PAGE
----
It's been interesting to read the commentary on Nokia's recent decision to abandon its own OS strategy and deliver itself into the hands of Microsoft. It might work out for Nokia or it might not but what I find quite astounding is that the discussion pretty much stops there. But what about the larger scope? After all, it's not that Nokia has replaced A for B, no, they have done much more than that.
Last week, they were all about open source and open ecosystem, a concept that I fully embrace because I don't like to be put in a walled garden, cage, or whatever people call it. The cage might be golden but it is still a cage. I want to make my own choices and I want to decide myself what I do with a device I buy. Also, my personal data is mine, so cloud services around my personal data are also not my cup of tea.
So with Nokia turning to Microsoft, they turn away from "open" and towards "closed walled garden ecosystem". How much that will help to boost Windows Phone is up for anyone to guess at this point and I am happy for WP to succeed but I am quite unhappy that in the same instant, an "open" ecosystem goes away. That leaves the smartphone arena with at least three closed and one open operating system, a balance that I don't quite find comfortable.
Agreed, Nokia said they will keep Meego as an experimental platform which could mean anything from killing it in a month or so or keeping something in the back hand just in case their current strategy (once again) does not work out. But I think that keeping something in the back of your hand won't work with the rest of the industry working feverishly at their products.
I can live very well with niche products, I run Ubuntu on my netbook for example. But on mobiles I am not sure the same thing will work, things are just moving too quickly on mainstream mobile products for niche products with a limited amount of effort put into them to keep up for the moment.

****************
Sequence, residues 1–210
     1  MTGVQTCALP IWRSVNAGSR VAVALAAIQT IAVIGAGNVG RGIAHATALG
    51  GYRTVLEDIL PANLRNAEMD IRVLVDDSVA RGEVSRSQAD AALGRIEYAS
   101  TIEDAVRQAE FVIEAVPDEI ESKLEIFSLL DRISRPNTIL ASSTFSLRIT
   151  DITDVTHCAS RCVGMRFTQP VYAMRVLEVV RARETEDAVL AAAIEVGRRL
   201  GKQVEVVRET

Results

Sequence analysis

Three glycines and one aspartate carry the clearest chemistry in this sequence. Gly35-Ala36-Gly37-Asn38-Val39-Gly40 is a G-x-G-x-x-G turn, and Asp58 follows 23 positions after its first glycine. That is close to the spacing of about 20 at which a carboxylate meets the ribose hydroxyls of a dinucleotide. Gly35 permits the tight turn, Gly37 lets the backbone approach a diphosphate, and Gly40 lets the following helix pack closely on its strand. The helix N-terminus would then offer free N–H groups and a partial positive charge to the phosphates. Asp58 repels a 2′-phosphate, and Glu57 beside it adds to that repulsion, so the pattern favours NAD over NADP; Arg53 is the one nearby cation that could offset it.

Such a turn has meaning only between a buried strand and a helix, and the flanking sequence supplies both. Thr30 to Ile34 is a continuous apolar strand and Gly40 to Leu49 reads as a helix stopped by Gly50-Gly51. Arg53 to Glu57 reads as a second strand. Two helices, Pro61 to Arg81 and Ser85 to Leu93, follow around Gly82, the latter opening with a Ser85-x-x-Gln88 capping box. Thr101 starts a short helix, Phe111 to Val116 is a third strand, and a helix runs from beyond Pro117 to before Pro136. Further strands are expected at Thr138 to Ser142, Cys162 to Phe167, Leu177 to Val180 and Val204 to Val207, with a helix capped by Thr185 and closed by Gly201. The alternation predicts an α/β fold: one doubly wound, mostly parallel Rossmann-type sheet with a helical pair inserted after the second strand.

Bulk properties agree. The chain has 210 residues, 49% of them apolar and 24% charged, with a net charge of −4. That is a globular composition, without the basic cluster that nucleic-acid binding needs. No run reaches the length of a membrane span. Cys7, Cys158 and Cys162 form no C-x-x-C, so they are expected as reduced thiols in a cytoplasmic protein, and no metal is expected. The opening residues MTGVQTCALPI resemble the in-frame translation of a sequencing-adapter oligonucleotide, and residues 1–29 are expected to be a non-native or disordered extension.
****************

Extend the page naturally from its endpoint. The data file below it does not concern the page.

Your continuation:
Which will make my choice for my next mobile device rather obvious. Yes, it will be an Android device then. When I first wrote about Android it was to inflexible and too cloud oriented for me. By now I think I can customize it to my liking with a bit of effort, i.e. to work outside the Google cloud for email, calendar and contacts without making too many sacrifices. And with OperaMini now available on Android it is perhaps also possible to keep data roaming costs down as well depending on how much other chatter there is from other applications. I will report.
4 thoughts on “MWC 2011 – What Nokia’s 180 Degress Turn Means Beyond Nokia”
This is the end…
It’s certainly the end of an era and probably the end of Nokia if this doesn’t work out. Let’s hope that this partnership works out better than Microsoft’s last major alliance with a telecoms equipment manufacturer (anyone still remember ICA?)
Android is currently the way to go. And has been for some month now.
Since Android became so big they have apps for virtually everything. For someone depending on somewhat ninche products not only, but partly, for ideological reasons (Debian desktop user over here), the sheer size of the user base means that people will come up with solutions. If you use Evolution for PIM, you can use SyncEvolution and buy this little app:
I use Thunderbird and for address sync someone already came up with a solution:
Though I haven’t found such an easy solution for the calendar yet.
And I would recommend buying a phone that is supported by CyanogenMod.
Perhaps Microsoft genuinely wants to use Nokia to leap frog WP7 into the smart phone market, but if it fails Microsoft will not go out of business; Nokia, on the other hand, may very well go out of business. This is a win-win for Microsoft, since it removes a competitor who was using open source software development as a business strategy, and the last thing Microsoft wants to see is successful competitors using open source software development.
If Nokia had never open sourced Symbian, would this deal have happened?
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